The aftermath of the explosion AP photo

The aftermath of the explosion AP photo

WestTexasDestructionLesson of Texas explosion: Gov. Perry needs to call for regulations

Originally published at: http://communities.washingtontimes.com/neighborhood/21st-century-pacifist/2013/apr/27/lesson-texas-explosion-gov-perry-needs-call-regula/#ixzz2Rh8ZWPmk Follow us: @wtcommunities on Twitter Read at Communities and leave comments

Libertarian attitudes towards regulations often endanger residents of Western states. Photo: Blast at fertilizer plant in West, Texas AP photo

Saturday, April 27, 2013 – 21st-Century Pacifist by Mario Salazar

MONTGOMERY VILLAGE, Md., April 26, 2013 — Last week, among several newsworthy events, notably the terrorist attack in Boston, we learned of the explosion of a fertilizer plant in West, Texas. The explosion killed 14 and destroyed a significant portion of the town. Most of the victims were first responders. While the investigation is still being conducted, there appears to be some facts that make many scratch their heads and wonder whether this is the 21st century.

Twenty years ago the United Agency for International Development (USAID) was asked by the city of Quito, Ecuador to conduct a risk assessment on a liquefied natural gas storage facility within the city limits. The experts sent by USAID presented a report that indicated having such facility within the city limits was dangerous and that the facility should be relocated.

Destruction in West, Texas that cost lives of first responders Photo: AP

One of the factors was that there were residences, shops and schools within the blast area of the LNG storage facility.

Typical of urban sprawl in the absence of regulations and/or enforcement, a very densely development had grown around the facility after it had been constructed. One speculates that workers wanted to live near their work. Ecuador was and still is a developing country, but it implemented measures to prevent explosions and fire risk to its citizens.

On April 16, 1947, in the port of Texas City, Texas near Galveston, a ship full of fertilizer (NH4NO3, ammonium nitrate) exploded. The blast and the subsequent fires killed around 600 and injured an additional 3,500. To this day it remains the worst industrial disaster in U. S. history. Yet the state of Texas does not appear to have learned anything from the infamous 1947 episode and appears even more backward than a third world country.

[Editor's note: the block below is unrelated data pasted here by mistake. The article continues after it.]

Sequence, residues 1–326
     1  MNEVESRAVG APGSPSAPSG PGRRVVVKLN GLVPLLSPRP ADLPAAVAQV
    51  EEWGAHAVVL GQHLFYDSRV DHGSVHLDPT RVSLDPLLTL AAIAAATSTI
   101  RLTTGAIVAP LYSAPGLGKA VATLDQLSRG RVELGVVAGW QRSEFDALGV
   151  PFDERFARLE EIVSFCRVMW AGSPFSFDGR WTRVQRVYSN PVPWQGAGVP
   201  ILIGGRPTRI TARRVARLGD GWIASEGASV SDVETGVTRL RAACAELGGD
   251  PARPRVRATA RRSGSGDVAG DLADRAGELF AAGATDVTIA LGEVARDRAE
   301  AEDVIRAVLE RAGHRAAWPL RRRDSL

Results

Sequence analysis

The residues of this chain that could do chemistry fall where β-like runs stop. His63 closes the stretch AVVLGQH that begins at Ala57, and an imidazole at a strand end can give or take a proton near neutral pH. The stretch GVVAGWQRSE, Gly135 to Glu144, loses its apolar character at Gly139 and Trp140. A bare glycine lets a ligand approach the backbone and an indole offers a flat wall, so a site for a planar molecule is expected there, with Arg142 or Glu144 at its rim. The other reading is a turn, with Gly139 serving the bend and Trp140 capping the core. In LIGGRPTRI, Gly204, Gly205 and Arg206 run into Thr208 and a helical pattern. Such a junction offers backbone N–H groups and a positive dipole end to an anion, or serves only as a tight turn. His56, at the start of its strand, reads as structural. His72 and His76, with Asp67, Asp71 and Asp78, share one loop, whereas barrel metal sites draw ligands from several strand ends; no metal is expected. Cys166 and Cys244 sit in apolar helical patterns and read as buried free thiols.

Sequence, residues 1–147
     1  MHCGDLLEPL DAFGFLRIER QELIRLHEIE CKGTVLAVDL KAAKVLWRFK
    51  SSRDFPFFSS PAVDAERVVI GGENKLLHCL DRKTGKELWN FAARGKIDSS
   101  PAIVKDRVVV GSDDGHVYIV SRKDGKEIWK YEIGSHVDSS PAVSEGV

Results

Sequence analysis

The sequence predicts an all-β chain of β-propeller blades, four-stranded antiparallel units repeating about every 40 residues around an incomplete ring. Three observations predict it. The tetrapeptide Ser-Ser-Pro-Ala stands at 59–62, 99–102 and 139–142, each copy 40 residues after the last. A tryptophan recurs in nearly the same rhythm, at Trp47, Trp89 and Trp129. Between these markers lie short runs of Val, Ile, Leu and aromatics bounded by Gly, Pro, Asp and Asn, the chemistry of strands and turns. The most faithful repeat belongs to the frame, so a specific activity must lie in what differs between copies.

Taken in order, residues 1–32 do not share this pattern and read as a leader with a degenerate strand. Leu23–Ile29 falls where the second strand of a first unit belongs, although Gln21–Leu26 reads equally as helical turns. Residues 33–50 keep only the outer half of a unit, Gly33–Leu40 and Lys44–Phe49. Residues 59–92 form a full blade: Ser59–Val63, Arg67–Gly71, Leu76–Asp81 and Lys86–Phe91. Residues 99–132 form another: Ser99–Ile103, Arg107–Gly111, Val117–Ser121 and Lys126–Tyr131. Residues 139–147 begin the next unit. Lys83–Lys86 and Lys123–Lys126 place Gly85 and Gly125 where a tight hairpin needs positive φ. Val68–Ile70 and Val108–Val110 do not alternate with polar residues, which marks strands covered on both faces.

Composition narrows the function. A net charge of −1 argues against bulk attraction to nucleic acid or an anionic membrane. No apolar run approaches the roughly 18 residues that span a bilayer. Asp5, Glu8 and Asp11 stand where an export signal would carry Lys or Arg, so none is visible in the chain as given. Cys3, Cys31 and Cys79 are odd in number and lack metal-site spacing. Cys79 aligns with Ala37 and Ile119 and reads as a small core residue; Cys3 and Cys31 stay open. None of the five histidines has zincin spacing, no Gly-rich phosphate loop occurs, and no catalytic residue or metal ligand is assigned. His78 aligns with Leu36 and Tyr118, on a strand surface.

The explosion in the town of West and what it reveals about its zoning practices is nothing short of disconcerting. Not only were there residences, but also a nursing home and three schools that could and were impacted by the blast from the fertilizer plant. To paraphrase a couple of old movies, “Nukes? We don’t need stinking nukes in Texas, we got plenty of fertilizer plants.”

WestTexasDestructionAnyone that has visited our country’s Western states knows of their libertarian attitude toward restrictions to the lives of their citizens, especially the use of property (e.g. zoning laws). In many places there is either the absence of zoning regulations or the absence of enforcement.

While there is always the possibility of going too far with them, zoning regulations are designed to take advantage of geography, topography, special features, and other natural and manmade local characteristics. The intended result is a more logical use of the land, beautification of the surroundings and most notably safety.

In the East, there is no way that a munitions factory or any other dangerous plant can be placed in the middle of a residential area. Having a fertilizer plant with tons of explosive fertilizer and other dangerous chemicals is similar to having a munitions factory.

Individualism and friendly attitude toward business are well-known characteristics of the state of Texas. These have served the state well during hard economic times. Statistics from the recent economic depression show that Texas gained more jobs than any other state during the current recovery. Governor Perry boasted about this fact during his failed campaign for the GOP candidacy.

What we haven’t heard from Perry or any other Texas official is what the state is going to do to prevent an encore to the fertilizer plant explosion. Chances are that in the improbable case that the plant owners are legally punished for their role in the catastrophe, business as usual will continue in the state.

It is possible that the cause of the fire and explosions will be attributed to violations by the plant operators or even an Act of God. Don’t expect that Texas will violate its long history of individualism, friendliness to business and libertarianism and actually blame the state’s practices and poor safety procedures by the plant owners for the catastrophe.